It really came together in a miraculous way, within a matter of days. Six months later, Ms. Betty Lou Jones of Meridian, who serves on the parole board, introduced me to the Department of Corrections Commissioner, Christopher Epps. MDOC made the decision to investment in the film as an intervention tool at prerelease and reentry stages, and guaranteed use of the film in all of its programming. That is how the film was completed. It was a collaborative effort involving many caring individuals. And of course, the participation of people like William Kozielski, and the young man he mentors, Larvell Hemphill, who both generously and courageously offered to share their stories.
LM: When was the film released?
AF: April 2014 at the Crossroads Film Festival.
LM: How long did shooting take?
AF: We shot over approximately twelve days in the course of a month.
LM: Do you plan to do a follow up documentary?
AF: At this stage, we would like to secure funding to measure the impact the film has on different audiences in order to ensure the film has a long shelf life, both inside and outside of the state. Will To Change marks the first time the Mississippi Department of Corrections has permitted documentation of an inmate or parolee, so we would like to take advantage of this rare opportunity to evidence how positive success stories can change people’s lives. Repeated exposure to positive stories can help people to model new behaviors and learn new responses to challenges in their lives.
Beyond this film, my partner, Chandler Griffin, and I are committed to telling stories that highlight “bright spots” and story solutions that can be spread across the state. We are dedicated to finding and making visible people like William who are modeling new ways of dealing with old problems, and helping small towns to be more connected and responsive to these challenges.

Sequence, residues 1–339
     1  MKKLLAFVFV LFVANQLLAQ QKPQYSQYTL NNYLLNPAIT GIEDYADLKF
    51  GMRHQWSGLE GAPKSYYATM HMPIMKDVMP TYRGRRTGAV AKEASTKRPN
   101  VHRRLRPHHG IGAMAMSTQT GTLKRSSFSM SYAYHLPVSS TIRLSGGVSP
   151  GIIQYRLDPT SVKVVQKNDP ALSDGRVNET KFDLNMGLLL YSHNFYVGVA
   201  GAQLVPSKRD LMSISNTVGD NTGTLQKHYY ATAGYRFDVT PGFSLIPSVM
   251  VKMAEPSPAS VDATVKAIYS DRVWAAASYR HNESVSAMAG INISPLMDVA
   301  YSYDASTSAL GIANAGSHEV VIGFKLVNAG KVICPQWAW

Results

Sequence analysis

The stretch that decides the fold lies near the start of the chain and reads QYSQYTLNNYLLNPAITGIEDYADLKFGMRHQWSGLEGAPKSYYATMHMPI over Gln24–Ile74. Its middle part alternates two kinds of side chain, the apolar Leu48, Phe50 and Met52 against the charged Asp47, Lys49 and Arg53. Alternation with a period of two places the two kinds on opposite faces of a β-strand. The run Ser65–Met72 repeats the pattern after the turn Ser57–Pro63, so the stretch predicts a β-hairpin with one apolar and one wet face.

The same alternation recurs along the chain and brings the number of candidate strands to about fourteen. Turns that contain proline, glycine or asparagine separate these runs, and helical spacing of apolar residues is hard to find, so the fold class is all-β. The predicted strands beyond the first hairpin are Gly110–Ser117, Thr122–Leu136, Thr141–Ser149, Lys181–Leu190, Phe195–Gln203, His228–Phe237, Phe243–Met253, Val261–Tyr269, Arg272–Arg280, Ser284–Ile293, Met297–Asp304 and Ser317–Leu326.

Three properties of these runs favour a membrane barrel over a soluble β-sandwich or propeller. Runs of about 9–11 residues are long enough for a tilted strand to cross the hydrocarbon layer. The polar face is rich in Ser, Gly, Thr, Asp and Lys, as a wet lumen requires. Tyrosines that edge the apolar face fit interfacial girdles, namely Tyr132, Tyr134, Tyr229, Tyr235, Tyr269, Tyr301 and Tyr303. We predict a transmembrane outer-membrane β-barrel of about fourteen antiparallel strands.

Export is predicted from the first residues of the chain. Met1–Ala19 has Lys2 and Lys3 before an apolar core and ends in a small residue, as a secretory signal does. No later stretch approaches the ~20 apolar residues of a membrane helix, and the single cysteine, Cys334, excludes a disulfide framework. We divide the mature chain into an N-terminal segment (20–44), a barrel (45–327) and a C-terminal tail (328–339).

Stay tuned to our FB Page to track our progress: https://www.facebook.com/BlueMagnoliaFilms
LM: What expectations do you have for the film when it airs at the Sundance Film Festival?
AF: The film is not airing at Sundance but was shown at a Sundance-sponsored panel discussion, although we plan to submit to that festival and others this year.
LM: What project(s) are you currently working on?
AF: Through a series we are calling, “Celebrating Storytellers”, we are telling stories of creativity and resilience in small towns across the state leading up to Mississippi’s Bicentennial- https://www.facebook.com/celebratingstorytellers
LM: Tell us a little bit about Barefoot Workshops
AF: Chandler Griffin is the Founder of Barefoot Workshops, a New York City-based, nonprofit organization 501(c)3 that trains organizations and individuals to use digital filmmaking to transform their communities from within- http://www.barefootworkshops.org
Since 2005, Barefoot Workshops has hosted twenty-five documentary filmmaking and photography workshops in Clarksdale, Mississippi for students from twenty-four countries.
Having distributed more than eighty stories back into the community, we seek to extend our program to an additional five north Mississippi towns by 2017, using Clarksdale as our base, and to continue surfacing untold stories for community outreach and educational purposes.
Each year Barefoot Workshops hosts traditional full-immersion documentary workshops in the Mississippi Delta and Cape Town South Africa, ranging from one to three weeks in length, open to students and mid-career professionals with beginner through advanced levels of training.
Griffin hosts numerous world-renowned professionals as part of our programming, such as Ron Haviv, a co-founder of the photo agency VII, World Press Photo Awards Winner, Les Stone, and Pulitzer Prize-winning photographer, David Turnley. In addition to a final screening that culminates each workshop, we have begun to offer an impressive lecture series with our esteemed instructors that are free and open to the public.
Barefoot Workshops has trained more than forty civil society organizations in the Middle East, most recently in Libya after the fall of Muammar Gaddafi. In South Africa, Barefoot Workshops has innovated new applications of media in the areas of public health (HIV/AIDS). Chandler and his wife, Alison Fast have also trained civil society leaders, refugees, displaced persons, youth in post conflict areas, and staff and beneficiaries, to produce media for their own communities.
Past partners/funders include: The U.S. Department of State, FilmAid International, FXB International, PLAN USA, Nurturing Orphans of AIDS for Humanity (NOAH), Desmond Tutu HIV Foundation, Generation of Leaders Discovered (GOLD), UNAIDS and UNESCO.
Examples of NGO-produced videos can be viewed in the Gallery section of our web site:
To support the filmmakers’ outreach program for at risk youths in Clarksdale, MS, go to https://www.indiegogo.com/projects/will-to-change-film-outreach to contribute.
Visit w2cmovie.com to buy the film or find screening information.